Factors behind deflation and policy responses required of the government and Bank of Japan(No.174 Update)

Japan to see real GDP growth of +1.8% in FY12 and +1.2% in FY13, nominal GDP growth of +1.0% and +0.9%

  • Mitsumaru Kumagai
  • Masahiko Hashimoto
  • Tsutomu Saito
  • Shotaro Kugo


◆Economic outlook revised: In light of the second preliminary Apr-Jun 2012 GDP report (Cabinet Office), we have revised our economic growth forecasts. We now forecast real GDP growth of +1.8% y/y for FY12 (previous forecast: +2.2%) and +1.2% for FY13 (+1.4%). Expansion of Japan’s economy has slowed slightly compared to our previous outlook, and risk of a downswing has increased.

◆Factors behind deflation and policy responses required of the government and BOJ: In this Outlook, we examine factors behind persistent deflation in Japan and investigate policy responses required of the government and the Bank of Japan (BOJ). Contrasting with BOJ’s optimistic price outlook, we anticipate that deflationary tendencies will persist for the time being. Our analysis of core CPI indicates that narrowing of the GDP gap and stable trend of inflationary expectations are factors augmenting prices and that sluggish employee compensation and slower growth of corporate goods prices are factors placing downward pressure on prices. Policies will be needed to increase employee compensation through higher sales and an improvement in the current low labor productivity of the nonmanufacturing sector (stemming from a low capital-labor ratio). Specifically, the policy authorities will need to firmly pursue economic policies to restore the economy centering on four points: (1) there should be consistent policies based on a firm vision (national vision and philosophy) of the top leaders, (2) instead of focusing only on domestic demand and the demand side, economic policies should be implemented that are well balanced and that embrace foreign demand and the supply side, (3) government finances should be rebuilt by raising the consumption tax and reducing expenditures centering on social security costs, and (4) the government and BOJ should work together more closely. Regarding the last, based on an analysis using the Granger causality test, a weaker yen and higher stock prices ensuing from further monetary easing by BOJ would be effective in ending deflation.

◆Examination of Japan’s export competitiveness: Examining Japan’s export competitiveness in comparison with Germany and South Korea, we found that the export competitiveness of Japanese companies has declined substantially centering on the electrical machinery industry. Japanese policy authorities should establish, in a balanced manner, three bulwarks against a strong yen: (1) BOJ should ease monetary policy further to brake the appreciation of the yen, (2) the economy’s ability to withstand a strong yen should be strengthened, and (3) policies should be actively implemented that take advantage of a strong yen. Also, Japanese companies will need to learn how to build brand equity from Germany and how to strengthen marketing power from South Korea.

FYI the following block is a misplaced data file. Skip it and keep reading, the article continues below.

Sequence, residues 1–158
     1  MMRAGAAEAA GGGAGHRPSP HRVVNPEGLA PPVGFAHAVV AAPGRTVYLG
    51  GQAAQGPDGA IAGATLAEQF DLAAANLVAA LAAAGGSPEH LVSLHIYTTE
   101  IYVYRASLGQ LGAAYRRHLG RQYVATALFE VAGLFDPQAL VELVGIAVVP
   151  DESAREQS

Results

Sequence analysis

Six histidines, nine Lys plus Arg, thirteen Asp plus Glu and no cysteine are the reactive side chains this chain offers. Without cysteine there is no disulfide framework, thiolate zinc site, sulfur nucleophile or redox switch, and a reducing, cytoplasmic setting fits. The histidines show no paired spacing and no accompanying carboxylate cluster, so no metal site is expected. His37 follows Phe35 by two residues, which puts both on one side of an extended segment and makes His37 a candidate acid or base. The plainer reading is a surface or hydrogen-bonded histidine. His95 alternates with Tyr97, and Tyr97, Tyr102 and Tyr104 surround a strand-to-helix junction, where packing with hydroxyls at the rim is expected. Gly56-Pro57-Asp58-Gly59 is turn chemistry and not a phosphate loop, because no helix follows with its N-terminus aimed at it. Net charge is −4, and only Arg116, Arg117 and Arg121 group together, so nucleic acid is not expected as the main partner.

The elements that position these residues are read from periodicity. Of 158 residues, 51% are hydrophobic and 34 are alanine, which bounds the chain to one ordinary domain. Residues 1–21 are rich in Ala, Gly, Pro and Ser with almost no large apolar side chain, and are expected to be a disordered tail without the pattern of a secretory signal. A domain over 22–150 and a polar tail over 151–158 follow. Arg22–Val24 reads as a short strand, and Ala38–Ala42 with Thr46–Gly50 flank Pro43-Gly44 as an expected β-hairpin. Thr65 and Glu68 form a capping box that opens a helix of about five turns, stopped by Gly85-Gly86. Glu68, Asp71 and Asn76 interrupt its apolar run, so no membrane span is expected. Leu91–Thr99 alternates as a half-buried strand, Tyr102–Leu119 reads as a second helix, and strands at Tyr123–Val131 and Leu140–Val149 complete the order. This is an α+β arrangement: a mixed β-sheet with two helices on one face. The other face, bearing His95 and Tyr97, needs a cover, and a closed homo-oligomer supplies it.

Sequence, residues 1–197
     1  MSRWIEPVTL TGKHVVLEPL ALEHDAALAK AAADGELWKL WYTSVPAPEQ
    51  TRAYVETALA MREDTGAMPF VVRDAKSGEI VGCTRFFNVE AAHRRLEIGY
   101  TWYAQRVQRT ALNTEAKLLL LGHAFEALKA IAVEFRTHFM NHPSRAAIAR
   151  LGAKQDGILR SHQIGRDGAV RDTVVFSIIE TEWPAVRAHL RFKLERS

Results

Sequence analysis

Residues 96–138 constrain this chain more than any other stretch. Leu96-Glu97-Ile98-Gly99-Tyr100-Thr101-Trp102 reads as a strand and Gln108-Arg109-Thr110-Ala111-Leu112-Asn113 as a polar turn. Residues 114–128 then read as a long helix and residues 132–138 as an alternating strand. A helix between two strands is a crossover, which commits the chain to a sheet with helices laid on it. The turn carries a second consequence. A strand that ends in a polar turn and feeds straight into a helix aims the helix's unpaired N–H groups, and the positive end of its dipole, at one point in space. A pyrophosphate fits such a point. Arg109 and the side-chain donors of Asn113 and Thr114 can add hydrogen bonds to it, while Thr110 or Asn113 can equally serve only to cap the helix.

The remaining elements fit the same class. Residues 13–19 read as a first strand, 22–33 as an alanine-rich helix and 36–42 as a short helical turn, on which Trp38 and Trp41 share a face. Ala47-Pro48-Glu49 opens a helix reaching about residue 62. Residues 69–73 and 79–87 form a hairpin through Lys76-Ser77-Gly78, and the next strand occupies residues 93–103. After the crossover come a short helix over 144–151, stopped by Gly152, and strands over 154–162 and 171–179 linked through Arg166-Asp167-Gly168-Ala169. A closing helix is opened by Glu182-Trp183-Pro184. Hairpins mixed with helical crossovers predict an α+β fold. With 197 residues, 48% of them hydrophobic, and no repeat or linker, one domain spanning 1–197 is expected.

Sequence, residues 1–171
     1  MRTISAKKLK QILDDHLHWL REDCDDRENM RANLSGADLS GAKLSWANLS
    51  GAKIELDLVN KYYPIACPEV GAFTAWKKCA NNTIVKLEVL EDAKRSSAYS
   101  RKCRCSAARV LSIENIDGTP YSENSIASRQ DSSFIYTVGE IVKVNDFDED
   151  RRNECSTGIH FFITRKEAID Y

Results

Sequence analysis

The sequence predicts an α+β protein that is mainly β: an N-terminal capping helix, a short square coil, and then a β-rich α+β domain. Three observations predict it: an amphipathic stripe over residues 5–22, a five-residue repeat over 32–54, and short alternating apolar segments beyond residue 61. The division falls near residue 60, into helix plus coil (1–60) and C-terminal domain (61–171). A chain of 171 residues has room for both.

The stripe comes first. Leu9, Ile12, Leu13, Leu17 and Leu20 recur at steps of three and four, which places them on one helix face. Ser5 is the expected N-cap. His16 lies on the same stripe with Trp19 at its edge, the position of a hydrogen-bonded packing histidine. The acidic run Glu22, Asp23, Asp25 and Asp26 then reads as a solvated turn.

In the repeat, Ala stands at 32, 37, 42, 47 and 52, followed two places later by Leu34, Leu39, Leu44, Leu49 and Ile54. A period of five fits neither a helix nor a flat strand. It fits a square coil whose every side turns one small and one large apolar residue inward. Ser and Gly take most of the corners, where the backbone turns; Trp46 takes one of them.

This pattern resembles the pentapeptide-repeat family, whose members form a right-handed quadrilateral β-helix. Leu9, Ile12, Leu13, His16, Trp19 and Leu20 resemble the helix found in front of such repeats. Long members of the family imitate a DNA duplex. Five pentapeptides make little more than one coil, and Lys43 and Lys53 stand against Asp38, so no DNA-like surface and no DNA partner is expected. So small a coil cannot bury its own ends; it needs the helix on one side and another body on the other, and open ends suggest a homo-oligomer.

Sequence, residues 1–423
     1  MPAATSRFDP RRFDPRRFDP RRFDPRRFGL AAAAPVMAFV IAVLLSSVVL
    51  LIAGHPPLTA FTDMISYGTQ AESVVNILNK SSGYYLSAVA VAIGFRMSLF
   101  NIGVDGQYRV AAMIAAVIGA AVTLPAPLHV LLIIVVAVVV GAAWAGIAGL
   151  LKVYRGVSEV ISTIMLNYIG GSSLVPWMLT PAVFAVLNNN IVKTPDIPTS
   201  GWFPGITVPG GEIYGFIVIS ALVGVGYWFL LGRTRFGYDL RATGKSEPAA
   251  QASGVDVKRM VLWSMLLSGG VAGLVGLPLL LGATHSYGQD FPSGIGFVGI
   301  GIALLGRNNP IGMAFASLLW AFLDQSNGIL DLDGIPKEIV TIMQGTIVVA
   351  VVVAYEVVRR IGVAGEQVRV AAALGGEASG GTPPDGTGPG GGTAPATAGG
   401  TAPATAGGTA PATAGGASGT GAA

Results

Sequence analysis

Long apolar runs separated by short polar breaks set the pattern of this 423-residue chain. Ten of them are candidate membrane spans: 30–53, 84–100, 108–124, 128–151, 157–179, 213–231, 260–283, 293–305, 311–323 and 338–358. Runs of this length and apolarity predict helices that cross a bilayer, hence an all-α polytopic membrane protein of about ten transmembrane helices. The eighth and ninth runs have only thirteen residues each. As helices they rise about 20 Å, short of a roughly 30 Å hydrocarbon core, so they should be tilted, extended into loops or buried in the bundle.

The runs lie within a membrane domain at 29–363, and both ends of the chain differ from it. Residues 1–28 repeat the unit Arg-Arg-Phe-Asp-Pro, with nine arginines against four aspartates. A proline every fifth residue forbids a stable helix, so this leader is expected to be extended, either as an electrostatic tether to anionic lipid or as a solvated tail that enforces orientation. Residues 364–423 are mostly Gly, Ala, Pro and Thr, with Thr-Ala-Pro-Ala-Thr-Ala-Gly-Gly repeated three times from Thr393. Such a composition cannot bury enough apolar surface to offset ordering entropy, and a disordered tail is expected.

◆Main scenario for Japan’s economy: Despite the existence of downside risks, as our main scenario we believe that Japan’s economy will continue to expand gradually, supported by three factors: (1) reconstruction demand related to the Great East Japan Earthquake, (2) pickup of the US and Chinese economies, and (3) further monetary easing by BOJ.

◆Risks facing Japan’s economy: Risks that will need to be borne in mind regarding Japan’s economy are: (1) any deepening of the European sovereign debt crisis, (2) a surge in crude oil prices stemming from geopolitical risk, (3) further appreciation of the yen, and (4) the current account balance turning negative in the future. With regard to (1), there is a striking difference between the situation surrounding Argentina in 2002, when the economy recovered dramatically after moving to a floating exchange rate system, and the current situation surrounding Greece. Given its high degree of dependence on exports to EU nations, should Greece leave the euro, its economy can be expected to be dealt a devastating blow. We believe the probability of Greece leaving the euro is between 30% and 40% and of the eurozone experiencing a full-fledged financial crisis between 10% and 20%.

◆BOJ’s monetary policy: BOJ is expected to leave its policy interest rate unchanged through at least FY14. Should concern intensify regarding an economic downturn, BOJ may decide on further easing.

【Our assumptions】

◆Public works spending will grow +6.6% in FY12, and -5.2% in FY13; the consumption tax rate will be increased in April 2014

◆Average exchange rate of Y79.3/$ in FY12 and Y79.0/$ in FY13

◆US real GDP growth of +2.2% in CY12 and +2.1% in CY13

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